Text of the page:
Conservationist Esmond Bradley Martin found dead in Nairobi


Conservationist Esmond Bradley Martin found dead in Nairobi
Esmond Martin. Photo/Courtesy

In Summary

  • World renowned conservationist, ivory trade and rhino horn trafficking investigator Esmond Bradley Martin was on Sunday found dead at his home in Karen, Nairobi.
  • The 75-year old was found with a stab wound in the neck, according to police and his neighbours.
  • Wildlife Direct CEO and National Museums of Kenya Chair Dr. Paula Kahumbu hailed Esmond for his contributions in "exposing the scale of ivory markets in USA, Congo, Nigeria, Angola, China, Hong Kong, Vietnam, Laos and recently Myanmar."

World renowned conservationist, ivory trade and rhino horn trafficking investigator Esmond Bradley Martin was on Sunday found dead at his home in Karen, Nairobi.

The 75-year old was found with a stab wound in the neck, according to police and his neighbours.

Breaking the news via her official Twitter handle, WildlifeDirect CEO and National Museums of Kenya Chair Dr. Paula Kahumbu hailed Esmond for his contributions in “exposing the scale of ivory markets in USA, Congo, Nigeria, Angola, China, Hong Kong, Vietnam, Laos and recently Myanmar.”

In a 2017 interview with the deceased, Nomad magazine described him as an “American geographer who is an expert on the rhino horn and elephant ivory trade, travelling all over the world with his wife, Chryssee Martin, and colleagues Lucy Vigne and Dan Stiles to identify the markets, the traffickers and the modern-day uses, as well as debunking some myths”.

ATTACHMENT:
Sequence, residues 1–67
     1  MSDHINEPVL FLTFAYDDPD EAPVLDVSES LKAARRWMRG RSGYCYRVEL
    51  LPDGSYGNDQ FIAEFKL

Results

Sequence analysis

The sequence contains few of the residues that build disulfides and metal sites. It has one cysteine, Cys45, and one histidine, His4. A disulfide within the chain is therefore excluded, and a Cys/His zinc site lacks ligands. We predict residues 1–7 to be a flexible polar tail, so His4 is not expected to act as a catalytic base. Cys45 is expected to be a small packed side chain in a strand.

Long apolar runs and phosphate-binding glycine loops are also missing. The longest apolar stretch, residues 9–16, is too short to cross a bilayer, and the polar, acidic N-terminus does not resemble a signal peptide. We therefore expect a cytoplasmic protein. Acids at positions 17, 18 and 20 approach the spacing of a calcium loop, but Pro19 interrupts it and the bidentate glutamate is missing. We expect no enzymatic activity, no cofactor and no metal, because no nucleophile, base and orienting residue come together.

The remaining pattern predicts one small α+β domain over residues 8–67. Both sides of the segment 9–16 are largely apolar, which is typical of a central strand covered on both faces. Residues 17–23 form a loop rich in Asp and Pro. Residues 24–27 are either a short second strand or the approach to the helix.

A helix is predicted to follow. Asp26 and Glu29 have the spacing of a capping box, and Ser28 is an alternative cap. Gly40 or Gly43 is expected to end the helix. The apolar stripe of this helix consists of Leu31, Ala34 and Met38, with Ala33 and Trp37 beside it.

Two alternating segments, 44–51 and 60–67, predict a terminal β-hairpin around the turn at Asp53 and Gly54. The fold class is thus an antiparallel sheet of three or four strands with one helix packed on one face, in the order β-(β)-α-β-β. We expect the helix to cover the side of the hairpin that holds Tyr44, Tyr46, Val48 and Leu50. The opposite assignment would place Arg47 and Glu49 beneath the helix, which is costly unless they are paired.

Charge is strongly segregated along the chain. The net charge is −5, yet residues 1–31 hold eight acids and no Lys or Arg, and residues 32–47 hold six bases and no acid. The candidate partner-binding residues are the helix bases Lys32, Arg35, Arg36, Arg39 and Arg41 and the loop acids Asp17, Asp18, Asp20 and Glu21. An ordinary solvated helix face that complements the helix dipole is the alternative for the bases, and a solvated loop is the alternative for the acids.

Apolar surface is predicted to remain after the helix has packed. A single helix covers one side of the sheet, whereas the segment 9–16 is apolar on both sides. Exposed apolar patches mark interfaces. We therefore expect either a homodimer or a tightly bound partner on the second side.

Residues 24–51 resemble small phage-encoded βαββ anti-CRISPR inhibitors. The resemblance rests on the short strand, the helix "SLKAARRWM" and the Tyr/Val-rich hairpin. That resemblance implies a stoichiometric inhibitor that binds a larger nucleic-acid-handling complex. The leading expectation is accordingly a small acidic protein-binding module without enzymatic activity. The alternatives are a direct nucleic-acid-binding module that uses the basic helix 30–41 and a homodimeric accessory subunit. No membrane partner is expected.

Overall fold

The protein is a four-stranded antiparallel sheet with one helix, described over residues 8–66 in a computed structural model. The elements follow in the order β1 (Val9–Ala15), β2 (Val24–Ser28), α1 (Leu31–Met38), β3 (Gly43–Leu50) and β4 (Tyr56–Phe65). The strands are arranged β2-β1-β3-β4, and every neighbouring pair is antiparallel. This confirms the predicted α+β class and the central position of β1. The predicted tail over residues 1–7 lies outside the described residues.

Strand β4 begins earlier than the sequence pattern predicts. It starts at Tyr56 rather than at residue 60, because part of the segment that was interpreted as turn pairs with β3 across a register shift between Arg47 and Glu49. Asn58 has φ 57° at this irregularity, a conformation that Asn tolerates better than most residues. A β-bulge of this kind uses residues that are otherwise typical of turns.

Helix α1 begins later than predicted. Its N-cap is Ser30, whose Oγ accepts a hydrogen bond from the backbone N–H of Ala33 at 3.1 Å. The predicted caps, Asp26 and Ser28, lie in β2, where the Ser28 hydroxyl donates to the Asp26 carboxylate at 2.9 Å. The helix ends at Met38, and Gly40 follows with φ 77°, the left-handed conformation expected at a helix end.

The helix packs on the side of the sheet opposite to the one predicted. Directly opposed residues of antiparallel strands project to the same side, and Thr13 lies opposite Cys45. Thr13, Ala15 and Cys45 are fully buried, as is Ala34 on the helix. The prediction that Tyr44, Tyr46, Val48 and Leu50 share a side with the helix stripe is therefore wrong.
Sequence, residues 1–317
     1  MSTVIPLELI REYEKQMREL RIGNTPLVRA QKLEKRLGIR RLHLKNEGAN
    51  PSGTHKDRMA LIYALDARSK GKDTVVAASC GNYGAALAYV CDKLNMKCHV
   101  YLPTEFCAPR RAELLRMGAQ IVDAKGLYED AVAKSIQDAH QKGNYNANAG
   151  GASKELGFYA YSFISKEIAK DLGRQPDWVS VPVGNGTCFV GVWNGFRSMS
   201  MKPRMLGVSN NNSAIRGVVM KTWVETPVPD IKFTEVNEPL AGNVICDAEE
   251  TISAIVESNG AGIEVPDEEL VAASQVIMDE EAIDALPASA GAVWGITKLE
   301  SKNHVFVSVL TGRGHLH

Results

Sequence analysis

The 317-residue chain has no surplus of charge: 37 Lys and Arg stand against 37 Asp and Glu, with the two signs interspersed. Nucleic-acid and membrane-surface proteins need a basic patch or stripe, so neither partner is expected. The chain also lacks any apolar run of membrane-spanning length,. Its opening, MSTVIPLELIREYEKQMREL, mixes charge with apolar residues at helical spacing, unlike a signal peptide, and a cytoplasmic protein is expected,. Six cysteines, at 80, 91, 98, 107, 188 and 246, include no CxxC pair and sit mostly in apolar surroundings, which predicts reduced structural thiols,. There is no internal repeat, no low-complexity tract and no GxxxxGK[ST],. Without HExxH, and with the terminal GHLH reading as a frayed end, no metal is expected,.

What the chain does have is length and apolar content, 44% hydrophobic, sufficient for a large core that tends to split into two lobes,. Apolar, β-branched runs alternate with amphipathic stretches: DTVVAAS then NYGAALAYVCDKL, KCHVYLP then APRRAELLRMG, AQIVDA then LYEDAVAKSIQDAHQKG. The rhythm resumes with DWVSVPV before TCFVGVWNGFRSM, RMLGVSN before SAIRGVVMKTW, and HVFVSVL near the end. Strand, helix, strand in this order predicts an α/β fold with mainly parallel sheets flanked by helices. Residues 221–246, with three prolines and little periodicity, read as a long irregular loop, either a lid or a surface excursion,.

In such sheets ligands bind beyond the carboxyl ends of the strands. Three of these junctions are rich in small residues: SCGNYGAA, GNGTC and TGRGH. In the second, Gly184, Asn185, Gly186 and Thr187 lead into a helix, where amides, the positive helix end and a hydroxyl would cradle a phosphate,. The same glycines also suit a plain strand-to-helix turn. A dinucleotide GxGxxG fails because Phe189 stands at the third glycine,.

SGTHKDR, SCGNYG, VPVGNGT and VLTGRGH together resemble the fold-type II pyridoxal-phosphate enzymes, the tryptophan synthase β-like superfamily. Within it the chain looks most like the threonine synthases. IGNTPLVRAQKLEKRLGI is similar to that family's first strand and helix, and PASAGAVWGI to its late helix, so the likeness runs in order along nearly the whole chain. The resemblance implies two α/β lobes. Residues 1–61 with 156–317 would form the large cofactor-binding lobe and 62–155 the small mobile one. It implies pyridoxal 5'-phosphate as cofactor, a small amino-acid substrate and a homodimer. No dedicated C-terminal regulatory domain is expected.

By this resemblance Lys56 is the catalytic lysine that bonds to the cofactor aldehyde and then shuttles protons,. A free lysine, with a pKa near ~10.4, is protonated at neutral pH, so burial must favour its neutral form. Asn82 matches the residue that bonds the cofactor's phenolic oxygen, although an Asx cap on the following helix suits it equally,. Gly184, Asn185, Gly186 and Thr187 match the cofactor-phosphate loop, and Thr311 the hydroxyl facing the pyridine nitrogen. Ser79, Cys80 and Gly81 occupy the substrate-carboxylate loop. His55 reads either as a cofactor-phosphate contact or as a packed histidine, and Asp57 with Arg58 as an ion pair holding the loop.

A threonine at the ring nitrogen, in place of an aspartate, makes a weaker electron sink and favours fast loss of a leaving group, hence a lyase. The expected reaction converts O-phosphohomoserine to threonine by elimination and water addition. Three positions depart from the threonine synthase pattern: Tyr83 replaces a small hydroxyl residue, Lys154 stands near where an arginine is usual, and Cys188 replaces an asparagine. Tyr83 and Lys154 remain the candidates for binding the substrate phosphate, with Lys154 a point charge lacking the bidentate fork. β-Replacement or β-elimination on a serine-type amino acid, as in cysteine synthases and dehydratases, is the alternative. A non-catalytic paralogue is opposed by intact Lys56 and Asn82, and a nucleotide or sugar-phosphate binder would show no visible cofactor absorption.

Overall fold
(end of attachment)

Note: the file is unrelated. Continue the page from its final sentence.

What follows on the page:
Among his major achievements was helping persuade China to shut down its legal rhino horn trade in 1993.

On how he found himself in his line of work, Esmond is quoted to have said, “I was looking at the illegal trade in the Indian Ocean based on dhows, and my wife and I wrote a book called Cargoes of the East. Around that time, we discovered that most of the rhino horn from East Africa was going to Yemen”.

“What had happened was in the 1970s, there had been a huge slaughter of elephants in East Africa, followed in the 1980s by rhinos. In Kenya, there were around 20,000 rhinos in 1970, but by the 1990s, most of the rhinos had been eliminated. The puzzle was: why were all these rhinos being killed, and where was the horn going?” said Esmond in the interview.

The one time UN Special Envoy for Rhino Conservation has authored many books on wildlife, among them Decline in the Legal Ivory Trade in China in Anticipation of a Ban published by Save The Elephants in 2017.

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